CNN- “God is not a divine being or a magician, but the creator who brought everything to life,” the Pope said Monday in an address to a gathering on “Evolving Concepts of Nature,” hosted by the Pontifical Academy of Sciences. “Evolution in nature is not inconsistent with the notion of creation, because evolution requires the creation of things that evolve.”
So why all the headlines? Three reasons, I believe.
First, some saw Pope Francis’ predecessor, Pope Benedict XVI, as backtracking on openness to evolution, preferring instead the concept of “intelligent design,” which accepts some aspects of evolution but not others (such as its being undirected).
Francis’ words, then, indicate that the church is back on track with its openness toward evolutionary theory.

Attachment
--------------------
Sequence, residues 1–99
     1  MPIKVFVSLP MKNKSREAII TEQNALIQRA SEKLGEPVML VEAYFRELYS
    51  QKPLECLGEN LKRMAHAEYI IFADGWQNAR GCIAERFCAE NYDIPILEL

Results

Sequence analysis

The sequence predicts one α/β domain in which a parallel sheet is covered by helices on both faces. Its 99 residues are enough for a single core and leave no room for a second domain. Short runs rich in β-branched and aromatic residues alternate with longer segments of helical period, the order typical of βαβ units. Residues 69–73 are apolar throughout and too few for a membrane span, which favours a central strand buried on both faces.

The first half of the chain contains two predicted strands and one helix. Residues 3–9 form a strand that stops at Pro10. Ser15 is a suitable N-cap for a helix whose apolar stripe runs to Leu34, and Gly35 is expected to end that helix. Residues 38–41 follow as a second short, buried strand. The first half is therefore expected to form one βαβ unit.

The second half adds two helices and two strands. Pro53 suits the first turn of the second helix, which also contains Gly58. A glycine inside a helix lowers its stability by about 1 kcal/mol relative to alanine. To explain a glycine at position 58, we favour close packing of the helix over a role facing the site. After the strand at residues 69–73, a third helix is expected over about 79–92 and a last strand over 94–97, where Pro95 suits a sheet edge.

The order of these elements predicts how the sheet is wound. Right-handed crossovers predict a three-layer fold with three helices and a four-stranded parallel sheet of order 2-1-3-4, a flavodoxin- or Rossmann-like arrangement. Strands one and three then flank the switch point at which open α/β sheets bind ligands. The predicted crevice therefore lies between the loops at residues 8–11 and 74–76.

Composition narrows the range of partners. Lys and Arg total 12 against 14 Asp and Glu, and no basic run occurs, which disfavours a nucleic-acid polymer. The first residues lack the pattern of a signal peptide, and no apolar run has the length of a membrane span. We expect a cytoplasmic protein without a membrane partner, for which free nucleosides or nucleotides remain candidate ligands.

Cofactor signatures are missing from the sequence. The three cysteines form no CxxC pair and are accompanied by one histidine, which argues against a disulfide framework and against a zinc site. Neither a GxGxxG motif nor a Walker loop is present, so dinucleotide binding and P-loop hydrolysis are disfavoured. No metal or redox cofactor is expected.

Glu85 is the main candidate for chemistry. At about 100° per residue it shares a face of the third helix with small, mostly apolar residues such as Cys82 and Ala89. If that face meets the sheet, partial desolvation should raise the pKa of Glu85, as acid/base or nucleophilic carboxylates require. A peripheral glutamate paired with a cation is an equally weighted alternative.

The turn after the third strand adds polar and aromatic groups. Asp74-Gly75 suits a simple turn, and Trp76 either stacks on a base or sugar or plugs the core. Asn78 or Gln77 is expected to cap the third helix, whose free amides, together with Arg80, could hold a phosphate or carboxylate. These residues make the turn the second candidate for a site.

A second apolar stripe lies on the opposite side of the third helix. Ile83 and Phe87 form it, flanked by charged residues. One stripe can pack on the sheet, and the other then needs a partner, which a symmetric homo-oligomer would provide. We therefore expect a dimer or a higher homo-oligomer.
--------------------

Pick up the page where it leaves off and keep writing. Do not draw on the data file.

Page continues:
Secondly, Francis is newsworthy, plain and simple. The “church-has-new-open-leader” narrative has taken hold, and anything he says is presented as groundbreaking — even if previous, more traditional, popes said it before he did.
In the same vein, much of the media cling to the image of the church as anti-science. It’s not all their fault, what with the church’s opposition to artificial birth control, assisted reproduction, stem cell research and other medical procedures accepted by a majority of Americans, even a majority of American Catholics. That the whole Galileo thing is still baggage, some 400 years later, seems unfair, though.
The truth is that the first person to propose what would become the “Big Bang Theory” was a Catholic priest, Msgr. Georges Lemaître, a Belgian astronomer and professor of physics, who was never persecuted by the church for his ideas. Read full: http://www.cnn.com/2014/10/29/opinion/schlumpf-pope-evolution-big-bang/index.html?hpt=hp_t3